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May 2015 • Online Edition

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McClelland Embraces Climate Project For The Earth’s Sake | Print |  E-mail

by Susan Dugan

Paddy McClelland’s passion for community activism is in the bones.

PADDY MCCLELLAND COMES BY HER ACTIVIST LEANINGS HONESTLY. The Platt Park resident has a photo of her grandmother riding a horse from Idaho Springs to Denver to hear William Jennings Bryan speak in 1906. McClelland's growing environmental focus sprang from a chance comment by her then seven-year-old sons asking what they were going to do to save the Arctic polar bear population from the growing threat of climate change.

A third generation Colorado native, her grandmother, daughter of a Colorado state senator, grew up in Idaho Springs. During the recent presidential election McClelland paid homage to the family matriarch by creating the Facebook page: Colorado Cowgirls for Obama.

“We have a picture of my grandmother riding a horse down to the first Democratic Convention in Colorado in 1906 to hear William Jennings Bryan speak. She was a powerful woman and we wanted to honor that historical voice of the cowgirls and suffragettes. I just saw so many parallels to today. Colorado was the first state to grant women the right to vote, and industry people tried to fight them by going into the saloons to get support to shut the suffragettes down. And who stood up and spoke out but the prostitutes and bar girls!”

Raised in Denver, where she attended St. Mary’s Academy, McClelland traveled abroad and eventually earned a bachelor’s degree from Ganzaga University in Spokane, Washington, before returning to Denver to complete a master’s in public affairs at the University of Colorado at Denver. “I had always been interested in public service, always involved with social justice causes. And I especially love to organize people.”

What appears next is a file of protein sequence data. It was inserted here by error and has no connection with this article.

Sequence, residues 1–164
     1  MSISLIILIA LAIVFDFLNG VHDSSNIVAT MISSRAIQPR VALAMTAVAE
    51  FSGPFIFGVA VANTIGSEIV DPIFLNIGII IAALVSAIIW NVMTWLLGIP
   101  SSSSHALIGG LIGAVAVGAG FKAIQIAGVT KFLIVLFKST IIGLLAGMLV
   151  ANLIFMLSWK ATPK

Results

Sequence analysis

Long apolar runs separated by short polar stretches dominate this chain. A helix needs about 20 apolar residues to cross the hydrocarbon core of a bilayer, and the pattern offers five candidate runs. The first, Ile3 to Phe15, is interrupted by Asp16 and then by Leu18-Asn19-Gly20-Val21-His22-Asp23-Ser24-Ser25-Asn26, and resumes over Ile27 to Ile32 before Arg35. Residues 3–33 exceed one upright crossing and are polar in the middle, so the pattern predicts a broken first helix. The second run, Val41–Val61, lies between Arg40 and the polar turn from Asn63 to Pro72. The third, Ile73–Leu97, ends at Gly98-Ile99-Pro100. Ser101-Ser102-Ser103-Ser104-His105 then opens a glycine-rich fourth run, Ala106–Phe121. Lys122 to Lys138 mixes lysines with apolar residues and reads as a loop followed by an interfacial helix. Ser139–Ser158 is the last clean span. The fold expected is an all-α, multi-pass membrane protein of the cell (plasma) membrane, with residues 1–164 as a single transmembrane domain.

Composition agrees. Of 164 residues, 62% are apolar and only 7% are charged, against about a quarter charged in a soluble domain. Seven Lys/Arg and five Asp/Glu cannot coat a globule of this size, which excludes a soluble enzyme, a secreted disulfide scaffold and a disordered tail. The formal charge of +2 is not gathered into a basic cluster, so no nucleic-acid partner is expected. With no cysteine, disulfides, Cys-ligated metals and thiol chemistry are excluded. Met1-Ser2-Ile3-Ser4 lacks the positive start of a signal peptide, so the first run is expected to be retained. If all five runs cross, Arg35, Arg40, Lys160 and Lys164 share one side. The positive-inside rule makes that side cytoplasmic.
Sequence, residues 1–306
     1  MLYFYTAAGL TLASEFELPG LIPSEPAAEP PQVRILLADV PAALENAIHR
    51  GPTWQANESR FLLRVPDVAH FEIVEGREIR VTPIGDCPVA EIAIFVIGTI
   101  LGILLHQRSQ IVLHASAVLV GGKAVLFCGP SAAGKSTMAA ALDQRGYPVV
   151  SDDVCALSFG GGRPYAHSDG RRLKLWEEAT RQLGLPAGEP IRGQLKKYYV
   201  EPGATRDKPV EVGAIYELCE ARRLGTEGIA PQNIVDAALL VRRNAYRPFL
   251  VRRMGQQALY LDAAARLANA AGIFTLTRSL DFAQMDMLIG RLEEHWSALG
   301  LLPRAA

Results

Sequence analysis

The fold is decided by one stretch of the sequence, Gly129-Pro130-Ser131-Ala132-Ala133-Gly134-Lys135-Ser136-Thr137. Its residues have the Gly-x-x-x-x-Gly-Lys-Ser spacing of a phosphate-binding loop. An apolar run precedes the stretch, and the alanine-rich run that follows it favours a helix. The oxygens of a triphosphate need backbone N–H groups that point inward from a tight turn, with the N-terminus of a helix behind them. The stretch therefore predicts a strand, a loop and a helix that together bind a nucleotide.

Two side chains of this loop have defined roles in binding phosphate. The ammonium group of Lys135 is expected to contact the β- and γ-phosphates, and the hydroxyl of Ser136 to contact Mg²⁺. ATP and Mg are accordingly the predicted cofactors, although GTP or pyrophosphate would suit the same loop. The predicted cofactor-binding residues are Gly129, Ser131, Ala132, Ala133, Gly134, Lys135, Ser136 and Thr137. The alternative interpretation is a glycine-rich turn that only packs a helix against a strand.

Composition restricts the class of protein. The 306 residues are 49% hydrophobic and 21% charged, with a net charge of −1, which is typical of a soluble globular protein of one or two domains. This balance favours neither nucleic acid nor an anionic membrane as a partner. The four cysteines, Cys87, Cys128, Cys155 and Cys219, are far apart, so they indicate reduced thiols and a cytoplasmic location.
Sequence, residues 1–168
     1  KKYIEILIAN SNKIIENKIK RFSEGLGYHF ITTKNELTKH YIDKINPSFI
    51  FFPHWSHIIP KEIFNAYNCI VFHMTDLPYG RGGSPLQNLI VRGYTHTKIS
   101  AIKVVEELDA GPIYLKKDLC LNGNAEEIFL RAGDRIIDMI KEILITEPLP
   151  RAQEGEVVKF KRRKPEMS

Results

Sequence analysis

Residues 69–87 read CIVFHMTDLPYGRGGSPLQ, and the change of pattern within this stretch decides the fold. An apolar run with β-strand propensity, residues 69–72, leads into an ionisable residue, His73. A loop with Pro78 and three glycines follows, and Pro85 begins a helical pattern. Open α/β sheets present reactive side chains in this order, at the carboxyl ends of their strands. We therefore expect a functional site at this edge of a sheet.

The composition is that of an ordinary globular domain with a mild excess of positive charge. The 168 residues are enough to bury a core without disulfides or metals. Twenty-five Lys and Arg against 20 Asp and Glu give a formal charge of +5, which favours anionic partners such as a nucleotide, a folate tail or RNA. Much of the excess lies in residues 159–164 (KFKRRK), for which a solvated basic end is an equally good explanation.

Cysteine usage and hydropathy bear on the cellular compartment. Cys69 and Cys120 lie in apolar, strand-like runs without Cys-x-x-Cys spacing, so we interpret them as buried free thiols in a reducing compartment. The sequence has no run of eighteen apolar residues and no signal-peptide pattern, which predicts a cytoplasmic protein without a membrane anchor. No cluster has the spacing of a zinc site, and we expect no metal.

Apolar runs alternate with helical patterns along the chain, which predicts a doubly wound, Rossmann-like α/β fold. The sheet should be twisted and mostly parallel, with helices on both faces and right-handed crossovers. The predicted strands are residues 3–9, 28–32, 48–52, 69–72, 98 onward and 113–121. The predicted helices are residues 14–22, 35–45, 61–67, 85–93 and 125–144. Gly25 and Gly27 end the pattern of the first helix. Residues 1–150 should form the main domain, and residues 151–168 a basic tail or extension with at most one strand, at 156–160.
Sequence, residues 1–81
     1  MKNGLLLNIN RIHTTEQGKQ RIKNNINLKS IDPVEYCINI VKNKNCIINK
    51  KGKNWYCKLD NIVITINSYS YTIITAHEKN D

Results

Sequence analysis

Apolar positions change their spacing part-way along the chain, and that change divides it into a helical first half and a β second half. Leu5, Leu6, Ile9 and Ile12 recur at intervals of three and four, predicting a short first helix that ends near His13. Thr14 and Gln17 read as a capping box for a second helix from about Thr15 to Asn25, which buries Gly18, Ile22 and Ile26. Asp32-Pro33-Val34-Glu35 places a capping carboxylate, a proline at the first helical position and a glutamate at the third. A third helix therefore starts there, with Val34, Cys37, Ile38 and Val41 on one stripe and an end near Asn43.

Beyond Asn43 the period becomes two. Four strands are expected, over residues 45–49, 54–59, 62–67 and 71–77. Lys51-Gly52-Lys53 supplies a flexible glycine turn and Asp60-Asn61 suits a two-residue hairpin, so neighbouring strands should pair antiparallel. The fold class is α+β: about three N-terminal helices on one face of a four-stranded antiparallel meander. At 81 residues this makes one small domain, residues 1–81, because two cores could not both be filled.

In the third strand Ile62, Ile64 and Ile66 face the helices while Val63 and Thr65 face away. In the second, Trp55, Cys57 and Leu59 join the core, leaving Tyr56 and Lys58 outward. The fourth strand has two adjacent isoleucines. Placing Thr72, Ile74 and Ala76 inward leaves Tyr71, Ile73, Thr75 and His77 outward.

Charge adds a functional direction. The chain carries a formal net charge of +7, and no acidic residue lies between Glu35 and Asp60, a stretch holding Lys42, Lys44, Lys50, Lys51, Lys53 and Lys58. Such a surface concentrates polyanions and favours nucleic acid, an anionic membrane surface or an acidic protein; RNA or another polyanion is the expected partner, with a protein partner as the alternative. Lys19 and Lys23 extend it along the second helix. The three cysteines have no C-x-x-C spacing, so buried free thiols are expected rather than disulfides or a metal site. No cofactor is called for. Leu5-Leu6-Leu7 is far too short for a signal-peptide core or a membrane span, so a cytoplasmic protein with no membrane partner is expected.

A Platt Park resident since 1993, McClelland has long galvanized neighbors to get involved in the community. “Although I was never on the (Platt Park People’s Association) board, I started going to meetings, at one point started the safety committee for Platt Park, and eventually founded the green team. I had twin boys (now 16) when I was 46, so I was also busy with babies.”

Watching a television program with her then seven-year-old sons spurred a kind of awakening to the urgency of environmental participation. “There was footage of a mother polar bear with her cubs. I never knew that polar bears only had twins but apparently they do. My twin boys and I were watching the ice starting to melt and the mother trying to get the babies up to safe ground so they wouldn’t drown. One of my boys said, ‘Mama, what are we going to do about this?’ And that was the beginning for me; it opened my heart.”

She started exploring to see if anyone else was interested in coming together to find ways to make the neighborhood more sustainable. “I approached the neighborhood association to see if I could start a green team (groups that meet to identify, share, and promote practices that enhance sustainability) and they said, ‘Have at it.’ And I called The Profile, put an ad in the paper, and got like 20 phone calls. We formed an amazing group of committed people who were really active for about 18 months before volunteerism started to drop off as it inevitably does.”

Platt Park’s green team connected with like-minded nonprofit Groundwork Denver (fostering sustainable environmental practices through community-based partnerships and action) and began sending volunteers door to door to encourage people to make simple changes. “Denver Energy Challenge is now trying to get homeowners to tighten their homes because a huge amount of carbon emissions comes from leaky energy in homes. So what are the things we can do to help reduce our carbon footprint? Everything from getting an energy audit to replacing porch lights, to sealing windows, to caulking and insulation. There are lists and lists of things individuals can do.”

In late 2008 the Rocky Mountain News named McClelland one of its “150 Unsung Heroes” for her work spearheading the Platt Park green team. A realtor who along with her husband owns Verde Denver, specializing in the green real estate market, McClelland most recently became a representative for the Climate Project, an organization run by former Vice President Al Gore.